Guess Again! – Mac Barnett & Adam Rex
“A funny, absurdist take on guessing books….Twisted good fun.” — Publishers Weekly
Count the Monkeys – Mac Barnett & Kevin Cornell
Cornell (who previously teamed up with Barnett for Mustache!) is an artist in the modern-day Disney animation tradition, effortlessly juggling funny chaos, irreverent characterizations, and visual winks and nudges. Barnett’s narrator may be increasingly frustrated (“We’re never going to count the monkeys!”) but he also has expert comic timing…. This spot-on spoof of counting books is the perfect reward for anyone who’s put in a hard day’s work with numbers, big or small.” —Publishers Weekly
Battle Bunny – Mac Barnett, Jon Scieszka & Matthew Myers
An honest reflection of the ways kids interact with books—in a way that’s accessible to kids themselves—as well as a complexly layered work of comic genius….This is an example of exactly how kids are told not to interact with their books—and that’s what makes it so effective. Alex’s gleeful disregard for the inanity of Birthday Bunny belies a deep engagement with the words in the book, an active participation with the structures of literacy that acts as a rebellious model for kids just starting to read on their own. And who can’t help but giggle at a cry of “Time to get it on, carrot breath!”? This is, then, sure to be an early reader that’s also endlessly entertaining and that will stand up to multiple readings as viewers find more of Alex’s hidden gems.”
—The Bulletin for the Center of the Children’s Book
Extra Yarn – Mac Barnett & Jon Klassen
“Understated illustrations and prose seamlessly construct an enchanting and mysterious tale.” — Publishers Weekly
Sam & Dave Dig a Hole – Mac Barnett & Jon Klassen
When Sam and Dave dig a hole, readers get “something spectacular.” The boys, on the other hand, do not. Their quest to find the spectacular brings them painfully and humorously close to buried jewels as they spade their way into the ground, accompanied by an intrepid canine companion. Readers occupy a superior position as cross-section illustrations reveal those jewels buried just out of the shovels’ reach. Each time they near one, the increasingly grubby boys maddeningly change course. On they dig, tunneling in different directions, and each effort reveals (to readers) yet larger jewels evading them. Exhausted, they fall asleep, but the dog digs after a bone it senses below. In an unexpected turn, the ground gives way to nothingness, and the trio falls through empty space “until they landed in the soft dirt.” At first glance, it seems they’ve ended up where they began: A small tree stands on the recto, and a house with a porch is on the verso, as before. But careful readers will notice that the tree here bears pears, while the tree at the story’s start had apples.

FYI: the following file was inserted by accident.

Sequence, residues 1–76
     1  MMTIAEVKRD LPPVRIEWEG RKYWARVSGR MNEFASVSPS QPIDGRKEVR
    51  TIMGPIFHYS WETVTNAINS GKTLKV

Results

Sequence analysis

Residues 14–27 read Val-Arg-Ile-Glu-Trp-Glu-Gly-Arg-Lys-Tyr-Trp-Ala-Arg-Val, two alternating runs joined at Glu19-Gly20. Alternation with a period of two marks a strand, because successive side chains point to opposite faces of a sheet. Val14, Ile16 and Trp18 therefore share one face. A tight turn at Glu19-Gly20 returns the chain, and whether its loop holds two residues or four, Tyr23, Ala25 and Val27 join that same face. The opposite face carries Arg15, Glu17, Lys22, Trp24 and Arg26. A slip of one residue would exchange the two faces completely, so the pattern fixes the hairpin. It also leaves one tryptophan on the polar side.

If you follow my blog you’ll know I’m a huge fan of both Mac Barnett & Jon Klassen. Both are incredible talents who have made outstanding contributions to the picture book form.
Jon Klassen has written & illustrated bestselling and award-winning picture books such as the brilliant I Want My hat Back & the 2013 Caldecott medal winning This Is Not My Hat.
Mac Barnett, a writer not an illustrator is the author of brilliant picture books, such as; Chloe & the Lion, President Taft Is Stuck in the Bath, Battle Bunny, Count the Monkeys, Billy Twitters & the Blue Whale Problem & many more.
Together they made the wonderful picture book Extra Yarn, which won a Boston Globe-Horn Book award and a Caldecott Honor.
I saw the cover art for their latest picture book Sam & Dave Dig a Hole some time ago on twitter and I have been eagerly awaiting it ever since.
Mac & Jon are clearly good friends, who create magic when they put their heads together. They complement each other like Milk & Cookies.
Here’s what they had to say about their working relationship taken from a transcript to Walker Books.
This is the second picture book you’ve collaborated on. What do you enjoy about working together? Why do you think you make a good team?
Mac: I’ll let you go first and say something nice about me.
Mac: And if you decide not to say something nice about me, will be able to deal with that in my response.
Jon: No no, I will do it.
Mac: I think you mean “Okay!”
Jon: On my end, you seem to enjoy premises for these books that are as much visually driven as they are text driven, and so the story ends up happening in both areas. I think even though we are both left to do the things we like to do on a book we make together, the ideas we come up with in conversation at the beginning are never either purely visual or verbal.
Mac: Yeah, even though I can’t draw I think that writing a picture book is a visual act, and one of my main jobs is to provide a space for illustrators to do their own storytelling.
Jon: You for sure can’t draw.
Mac: Aw man, and I was just typing something nice about you: There’s nobody I like talking about books with more than Jon, and working together gives us a chance to talk about books and try out ideas that feel exciting to us both. I guess that we talk about books a lot anyway though. This is a way to do it that feels more immediately productive. We also talk a lot about TV shows. And lunch.
Jon: I just had soup.
Mac: I just had two handfuls of cereal.
Their new book Sam & Dave Dig A Hole is full of visual humour. The two boys are determined to find something spectacular. They embark on their plan to dig a hole, a hole they plan to keep digging until they find that something spectacular, which they eventually find, in a much unexpected way.